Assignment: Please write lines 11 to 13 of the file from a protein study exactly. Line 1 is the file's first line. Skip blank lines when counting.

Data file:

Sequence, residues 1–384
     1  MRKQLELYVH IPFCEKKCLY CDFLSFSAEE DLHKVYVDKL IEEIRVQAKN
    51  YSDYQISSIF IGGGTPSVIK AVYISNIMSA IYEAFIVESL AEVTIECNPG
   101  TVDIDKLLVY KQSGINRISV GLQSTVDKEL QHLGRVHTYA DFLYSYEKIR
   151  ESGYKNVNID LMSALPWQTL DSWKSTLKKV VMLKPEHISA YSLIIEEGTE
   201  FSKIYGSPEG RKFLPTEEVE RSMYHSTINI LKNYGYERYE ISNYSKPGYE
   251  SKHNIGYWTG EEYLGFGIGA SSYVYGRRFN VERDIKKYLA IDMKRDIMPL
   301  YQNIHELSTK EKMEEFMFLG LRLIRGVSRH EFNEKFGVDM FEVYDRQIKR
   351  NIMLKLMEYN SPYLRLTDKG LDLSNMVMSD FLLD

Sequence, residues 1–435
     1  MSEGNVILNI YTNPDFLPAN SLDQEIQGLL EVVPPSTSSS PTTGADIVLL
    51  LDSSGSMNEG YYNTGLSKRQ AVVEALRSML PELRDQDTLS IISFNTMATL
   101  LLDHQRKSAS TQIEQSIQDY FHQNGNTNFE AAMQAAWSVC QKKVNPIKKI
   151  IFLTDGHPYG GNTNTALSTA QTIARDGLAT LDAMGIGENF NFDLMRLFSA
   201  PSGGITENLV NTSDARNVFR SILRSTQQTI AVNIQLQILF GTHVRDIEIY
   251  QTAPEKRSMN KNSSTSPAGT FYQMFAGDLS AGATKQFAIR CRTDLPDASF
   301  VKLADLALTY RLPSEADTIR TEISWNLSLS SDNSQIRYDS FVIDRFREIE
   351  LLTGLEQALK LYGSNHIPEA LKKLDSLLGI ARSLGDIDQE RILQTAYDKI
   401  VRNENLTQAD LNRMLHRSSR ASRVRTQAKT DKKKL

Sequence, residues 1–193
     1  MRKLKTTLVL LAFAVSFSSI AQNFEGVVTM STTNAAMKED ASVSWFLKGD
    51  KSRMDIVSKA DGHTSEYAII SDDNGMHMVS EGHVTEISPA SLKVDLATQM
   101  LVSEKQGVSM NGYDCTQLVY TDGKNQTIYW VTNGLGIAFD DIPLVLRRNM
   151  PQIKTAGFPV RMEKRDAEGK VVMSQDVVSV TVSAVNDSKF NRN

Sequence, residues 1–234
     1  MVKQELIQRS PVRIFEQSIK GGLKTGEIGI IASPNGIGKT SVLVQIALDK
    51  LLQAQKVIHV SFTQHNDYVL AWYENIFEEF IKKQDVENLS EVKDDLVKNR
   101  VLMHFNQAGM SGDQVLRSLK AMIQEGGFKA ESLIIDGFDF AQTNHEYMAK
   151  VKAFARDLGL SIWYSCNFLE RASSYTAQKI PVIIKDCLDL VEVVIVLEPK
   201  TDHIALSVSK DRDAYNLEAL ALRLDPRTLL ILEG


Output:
     1  MSEGNVILNI YTNPDFLPAN SLDQEIQGLL EVVPPSTSSS PTTGADIVLL
    51  LDSSGSMNEG YYNTGLSKRQ AVVEALRSML PELRDQDTLS IISFNTMATL
   101  LLDHQRKSAS TQIEQSIQDY FHQNGNTNFE AAMQAAWSVC QKKVNPIKKI